New book details how Microsoft used Sony’s Cell processor for the Xbox 360

David Shippy and Mickie Phipps’ new book “The Race for a New Game Machine” has all the videogames industry drama that a person could ask for. The Wall Street Journal recently put up a tight synopsis of the book, detailing how Microsoft was able to nab fundamental specifications for the Cell and have their own chip created around them for the Xbox 360.

According to the book, Sony decided that the Playstation 3 needed to have a brand new processor, unlike anything their previous consoles featured before. In 2001, a partnership was formed between Sony, Toshiba, and IBM to create the chip from scratch. In 2002, Microsoft (looking to build the 360) went to IBM, saw some of the key specs for the unreleased Cell, and contracted IBM to build a processor around those specifications to put into the 360.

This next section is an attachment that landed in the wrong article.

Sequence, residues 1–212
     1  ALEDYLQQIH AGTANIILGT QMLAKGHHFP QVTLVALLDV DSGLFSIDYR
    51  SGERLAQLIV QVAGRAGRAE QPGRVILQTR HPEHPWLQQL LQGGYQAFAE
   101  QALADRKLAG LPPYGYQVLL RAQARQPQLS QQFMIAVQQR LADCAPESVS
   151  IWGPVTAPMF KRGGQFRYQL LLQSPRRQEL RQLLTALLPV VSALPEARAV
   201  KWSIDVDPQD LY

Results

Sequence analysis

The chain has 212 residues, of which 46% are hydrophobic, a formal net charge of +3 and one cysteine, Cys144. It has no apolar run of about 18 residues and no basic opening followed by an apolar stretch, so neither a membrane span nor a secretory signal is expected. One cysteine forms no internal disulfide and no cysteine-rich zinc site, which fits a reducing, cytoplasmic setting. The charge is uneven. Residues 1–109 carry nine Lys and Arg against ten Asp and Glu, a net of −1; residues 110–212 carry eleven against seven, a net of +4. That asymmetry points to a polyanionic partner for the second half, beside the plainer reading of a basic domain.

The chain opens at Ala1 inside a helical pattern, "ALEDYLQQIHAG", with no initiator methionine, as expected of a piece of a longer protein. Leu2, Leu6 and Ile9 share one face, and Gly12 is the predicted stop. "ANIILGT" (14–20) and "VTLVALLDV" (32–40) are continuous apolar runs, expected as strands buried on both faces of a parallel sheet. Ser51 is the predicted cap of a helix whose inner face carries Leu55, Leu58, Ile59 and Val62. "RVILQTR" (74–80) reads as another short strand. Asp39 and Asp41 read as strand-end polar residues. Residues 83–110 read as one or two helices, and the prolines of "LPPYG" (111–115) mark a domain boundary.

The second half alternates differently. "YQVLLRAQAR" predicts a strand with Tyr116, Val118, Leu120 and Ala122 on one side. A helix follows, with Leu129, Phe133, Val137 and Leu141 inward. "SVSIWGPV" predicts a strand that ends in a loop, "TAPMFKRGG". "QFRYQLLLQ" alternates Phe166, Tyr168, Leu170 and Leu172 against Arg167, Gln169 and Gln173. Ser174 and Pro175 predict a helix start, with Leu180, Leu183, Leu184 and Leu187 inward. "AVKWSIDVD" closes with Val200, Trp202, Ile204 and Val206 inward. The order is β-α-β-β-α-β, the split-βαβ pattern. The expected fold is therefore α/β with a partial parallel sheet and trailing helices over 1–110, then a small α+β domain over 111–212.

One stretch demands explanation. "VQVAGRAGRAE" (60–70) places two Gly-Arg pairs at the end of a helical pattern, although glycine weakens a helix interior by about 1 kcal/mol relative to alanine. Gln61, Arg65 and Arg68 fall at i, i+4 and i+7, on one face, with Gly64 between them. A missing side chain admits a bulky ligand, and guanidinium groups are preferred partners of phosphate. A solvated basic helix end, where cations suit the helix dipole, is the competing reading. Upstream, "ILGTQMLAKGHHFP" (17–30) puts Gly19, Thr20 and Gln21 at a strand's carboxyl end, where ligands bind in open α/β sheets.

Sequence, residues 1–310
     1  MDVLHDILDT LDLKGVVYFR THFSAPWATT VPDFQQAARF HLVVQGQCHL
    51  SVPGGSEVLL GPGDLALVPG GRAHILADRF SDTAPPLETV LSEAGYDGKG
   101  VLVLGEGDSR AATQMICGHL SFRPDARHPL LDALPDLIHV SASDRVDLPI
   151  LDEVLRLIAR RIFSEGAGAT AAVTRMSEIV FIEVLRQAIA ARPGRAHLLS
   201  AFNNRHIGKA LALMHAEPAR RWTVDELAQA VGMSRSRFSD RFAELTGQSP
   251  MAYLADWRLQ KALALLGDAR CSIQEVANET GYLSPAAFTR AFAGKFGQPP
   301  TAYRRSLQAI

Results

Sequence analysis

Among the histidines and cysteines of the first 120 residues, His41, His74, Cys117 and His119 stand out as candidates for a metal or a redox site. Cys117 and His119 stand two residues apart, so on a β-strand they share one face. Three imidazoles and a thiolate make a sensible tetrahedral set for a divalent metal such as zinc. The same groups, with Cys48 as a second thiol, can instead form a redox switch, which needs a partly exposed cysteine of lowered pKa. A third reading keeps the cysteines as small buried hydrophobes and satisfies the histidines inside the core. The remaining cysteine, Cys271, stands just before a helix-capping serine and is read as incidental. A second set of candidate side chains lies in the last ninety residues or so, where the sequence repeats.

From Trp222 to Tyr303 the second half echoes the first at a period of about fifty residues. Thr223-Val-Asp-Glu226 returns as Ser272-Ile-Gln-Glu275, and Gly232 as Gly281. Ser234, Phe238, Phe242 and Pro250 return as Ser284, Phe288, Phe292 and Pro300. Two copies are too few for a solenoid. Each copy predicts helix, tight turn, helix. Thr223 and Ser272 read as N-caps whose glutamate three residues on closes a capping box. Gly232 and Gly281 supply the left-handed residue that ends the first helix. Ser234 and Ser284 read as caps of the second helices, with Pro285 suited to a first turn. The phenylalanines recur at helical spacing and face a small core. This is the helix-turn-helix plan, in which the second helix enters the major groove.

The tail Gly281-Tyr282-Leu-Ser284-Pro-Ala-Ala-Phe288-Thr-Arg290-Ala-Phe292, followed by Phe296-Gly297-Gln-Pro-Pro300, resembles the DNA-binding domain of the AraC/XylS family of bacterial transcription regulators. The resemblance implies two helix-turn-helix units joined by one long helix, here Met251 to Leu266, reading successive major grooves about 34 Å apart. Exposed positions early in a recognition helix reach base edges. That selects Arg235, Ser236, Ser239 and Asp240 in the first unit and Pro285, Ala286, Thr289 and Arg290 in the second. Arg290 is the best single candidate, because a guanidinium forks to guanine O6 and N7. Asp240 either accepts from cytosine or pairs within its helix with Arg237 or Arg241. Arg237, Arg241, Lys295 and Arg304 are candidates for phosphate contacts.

The kicker is that Microsoft ended up winning the time war, without having to spend the R&D money that Sony did. Because of a manufacturing error with the first round of chips that Microsoft protected itself against, they were able to release their console in 2005 – Sony’s original target year.

This book doesn’t have spies, ninjas, Master Chief, or pictures of cats in precarious positions with hilariously misspelled captions to explain the predicament. It does have an awesome story to tell, though.

Brad BradNicholson